Ahlijian and Little Yew are making an impact in other ways as well.
Beth Wheeler, an assistant professor in the School of Music and Dance who voluntarily runs a music program at Jasper Mountain, worked with students to write and perform a song based on the short story and another of Ahlijian’s books, Shine in Your Life’s Journey. They played the composition at Beall Concert Hall and, Wheeler says, continue to “work very hard to build a community in the music classroom.”
Also, the Eugene Ballet in February will stage a performance adapted from Little Yew, with students from the ballet academy teaming up with professional dancers. Josh Neckels, executive director of the ballet, was inspired to add a performance to the lineup after a friend of Ahlijian’s shared the book with him.
Ahlijian met with the choreographer and costume designer but didn’t offer many opinions. “My attitude was to just get out of the way,” he says. “Let them do their magic.”
While dance may not be Ahlijian’s forte, other art forms have sustained him—financially and creatively—throughout life.
“I never wanted a nine to five, Monday through Friday gig,” he says. “The only thing I could see myself doing that would provide that kind of freedom was being an artist.”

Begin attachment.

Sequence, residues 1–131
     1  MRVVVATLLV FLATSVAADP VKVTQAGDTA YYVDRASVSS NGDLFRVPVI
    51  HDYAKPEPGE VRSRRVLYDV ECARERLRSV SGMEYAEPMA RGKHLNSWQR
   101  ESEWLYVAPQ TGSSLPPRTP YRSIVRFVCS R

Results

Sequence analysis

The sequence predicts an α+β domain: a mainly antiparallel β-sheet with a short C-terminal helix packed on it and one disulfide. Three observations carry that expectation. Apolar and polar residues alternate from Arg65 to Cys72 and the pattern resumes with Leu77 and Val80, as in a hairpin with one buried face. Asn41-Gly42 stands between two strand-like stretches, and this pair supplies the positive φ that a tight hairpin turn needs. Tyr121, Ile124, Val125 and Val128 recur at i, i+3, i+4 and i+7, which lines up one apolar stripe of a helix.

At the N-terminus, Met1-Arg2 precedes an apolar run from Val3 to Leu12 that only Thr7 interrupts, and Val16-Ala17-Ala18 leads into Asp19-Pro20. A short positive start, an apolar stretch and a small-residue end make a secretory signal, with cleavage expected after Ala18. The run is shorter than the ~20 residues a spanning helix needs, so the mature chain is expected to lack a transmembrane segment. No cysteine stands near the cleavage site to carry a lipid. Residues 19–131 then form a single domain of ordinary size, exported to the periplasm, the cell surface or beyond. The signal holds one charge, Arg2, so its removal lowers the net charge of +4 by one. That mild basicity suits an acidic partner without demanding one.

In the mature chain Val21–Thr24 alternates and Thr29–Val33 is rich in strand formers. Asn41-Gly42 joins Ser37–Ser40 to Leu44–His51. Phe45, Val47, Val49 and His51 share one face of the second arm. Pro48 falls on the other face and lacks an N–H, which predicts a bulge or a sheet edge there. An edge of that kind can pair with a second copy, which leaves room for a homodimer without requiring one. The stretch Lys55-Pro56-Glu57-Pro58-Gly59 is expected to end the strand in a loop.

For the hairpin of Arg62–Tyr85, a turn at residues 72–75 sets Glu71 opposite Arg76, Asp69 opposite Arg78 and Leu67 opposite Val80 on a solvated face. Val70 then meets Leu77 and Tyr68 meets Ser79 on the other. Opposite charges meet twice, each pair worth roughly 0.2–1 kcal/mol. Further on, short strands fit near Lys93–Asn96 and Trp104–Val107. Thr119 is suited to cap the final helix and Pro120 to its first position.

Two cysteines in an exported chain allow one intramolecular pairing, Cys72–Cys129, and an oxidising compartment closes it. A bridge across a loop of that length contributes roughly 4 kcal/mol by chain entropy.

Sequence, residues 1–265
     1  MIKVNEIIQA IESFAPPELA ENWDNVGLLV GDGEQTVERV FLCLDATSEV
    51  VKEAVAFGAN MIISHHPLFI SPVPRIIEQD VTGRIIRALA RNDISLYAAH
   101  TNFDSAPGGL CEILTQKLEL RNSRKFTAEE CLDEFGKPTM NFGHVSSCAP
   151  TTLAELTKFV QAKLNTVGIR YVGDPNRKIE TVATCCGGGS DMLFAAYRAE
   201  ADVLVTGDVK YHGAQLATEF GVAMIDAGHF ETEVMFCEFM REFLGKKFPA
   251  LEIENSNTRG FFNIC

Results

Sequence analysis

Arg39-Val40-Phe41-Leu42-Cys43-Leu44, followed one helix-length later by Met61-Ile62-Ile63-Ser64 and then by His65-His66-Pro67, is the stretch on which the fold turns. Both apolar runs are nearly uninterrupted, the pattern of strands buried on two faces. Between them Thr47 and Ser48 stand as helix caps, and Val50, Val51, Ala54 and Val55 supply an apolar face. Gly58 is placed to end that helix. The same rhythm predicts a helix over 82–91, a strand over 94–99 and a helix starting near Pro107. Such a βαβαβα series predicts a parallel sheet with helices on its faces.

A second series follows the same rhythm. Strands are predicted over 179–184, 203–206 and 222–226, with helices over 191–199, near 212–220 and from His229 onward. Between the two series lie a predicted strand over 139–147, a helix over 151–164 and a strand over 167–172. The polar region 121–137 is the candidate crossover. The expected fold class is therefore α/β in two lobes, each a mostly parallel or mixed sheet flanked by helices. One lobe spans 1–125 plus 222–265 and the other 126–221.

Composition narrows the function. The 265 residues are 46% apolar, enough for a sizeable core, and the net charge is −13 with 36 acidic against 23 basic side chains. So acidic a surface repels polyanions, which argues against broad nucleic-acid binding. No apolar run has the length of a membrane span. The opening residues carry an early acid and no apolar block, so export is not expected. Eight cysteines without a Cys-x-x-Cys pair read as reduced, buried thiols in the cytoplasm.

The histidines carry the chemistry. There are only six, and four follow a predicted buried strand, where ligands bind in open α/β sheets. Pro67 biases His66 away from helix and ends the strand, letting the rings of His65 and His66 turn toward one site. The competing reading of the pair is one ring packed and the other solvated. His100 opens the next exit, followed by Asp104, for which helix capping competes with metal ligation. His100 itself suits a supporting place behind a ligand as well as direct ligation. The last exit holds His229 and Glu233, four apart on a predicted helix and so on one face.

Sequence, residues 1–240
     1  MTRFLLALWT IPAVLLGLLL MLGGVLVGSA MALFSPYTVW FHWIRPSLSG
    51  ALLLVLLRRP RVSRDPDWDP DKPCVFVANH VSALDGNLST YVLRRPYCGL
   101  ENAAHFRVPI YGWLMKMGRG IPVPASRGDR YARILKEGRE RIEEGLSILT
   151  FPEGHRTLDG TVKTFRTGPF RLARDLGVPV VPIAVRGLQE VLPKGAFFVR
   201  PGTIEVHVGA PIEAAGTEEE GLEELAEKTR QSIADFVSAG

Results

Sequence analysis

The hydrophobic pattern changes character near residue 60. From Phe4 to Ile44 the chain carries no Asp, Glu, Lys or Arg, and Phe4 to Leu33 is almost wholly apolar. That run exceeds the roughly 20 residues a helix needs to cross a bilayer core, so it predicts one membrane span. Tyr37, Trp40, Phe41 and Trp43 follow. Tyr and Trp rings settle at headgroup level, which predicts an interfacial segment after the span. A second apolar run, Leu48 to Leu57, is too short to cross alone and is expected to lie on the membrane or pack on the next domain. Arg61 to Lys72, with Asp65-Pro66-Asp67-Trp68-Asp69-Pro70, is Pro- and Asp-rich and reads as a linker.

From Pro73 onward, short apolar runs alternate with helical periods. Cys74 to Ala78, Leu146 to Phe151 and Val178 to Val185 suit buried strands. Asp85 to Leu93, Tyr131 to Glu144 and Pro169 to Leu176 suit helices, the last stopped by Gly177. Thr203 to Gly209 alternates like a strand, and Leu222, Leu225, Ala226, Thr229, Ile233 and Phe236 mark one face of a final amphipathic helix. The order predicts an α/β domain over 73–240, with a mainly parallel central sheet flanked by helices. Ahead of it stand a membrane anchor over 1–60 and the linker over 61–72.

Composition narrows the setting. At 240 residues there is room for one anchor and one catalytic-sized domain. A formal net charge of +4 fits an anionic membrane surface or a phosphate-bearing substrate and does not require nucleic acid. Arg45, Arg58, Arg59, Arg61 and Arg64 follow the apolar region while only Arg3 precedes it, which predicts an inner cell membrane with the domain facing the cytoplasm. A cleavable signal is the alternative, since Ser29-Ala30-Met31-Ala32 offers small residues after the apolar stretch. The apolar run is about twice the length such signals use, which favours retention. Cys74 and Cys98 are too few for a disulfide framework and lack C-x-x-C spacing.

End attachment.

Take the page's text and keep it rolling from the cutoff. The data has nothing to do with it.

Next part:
In his twenties, Ahlijian lived in an uninsulated barn in Eugene with no electricity or running water. He piled his abstract impressionist paintings into a beat-up truck and drove to Portland and Seattle, where he secured shows at galleries.
Later, Ahlijian worked as an arborist, drawing on skills he learned at the UO. He ran a one-man arboriculture business, diagnosing diseased trees, designing landscapes, pruning trees, and educating clients.
Throughout, he never forgot a promise he made to himself as a college student: “When I’m on my deathbed, I don’t want to look back and say ‘what if?’” he says. “I want to pursue my passions and not question why I didn’t do this or that.”
One of Ahlijian’s professors, the late John Gillham of landscape architecture, recognized his passion. He once told Ahlijian that if the country were at war and Ahlijian believed in the cause, there wasn’t anyone he would rather be next to on the frontlines. But if the country were at war and Ahlijian didn’t believe in the cause, there was no one from whom he’d want to be farther away.
“He seemed to have an understanding of me,” Ahlijian says with a chuckle.
Given Ahlijian’s commitment to a life of purpose and creativity, it’s not surprising that his retirement has been so fulfilling. “My experience at Jasper Mountain has been the most rewarding part of my life,” he says. “The children inspire me, they teach me, they give me purpose.”
Ahlijian had the center’s children in mind when he invented the yew seed character. But when the seed thinks to itself, “the greatest joy in life is found in small acts of kindness and giving,” it’s not hard to picture the author himself.
Kelsey Schagemann is a freelance writer and editor in Chicago.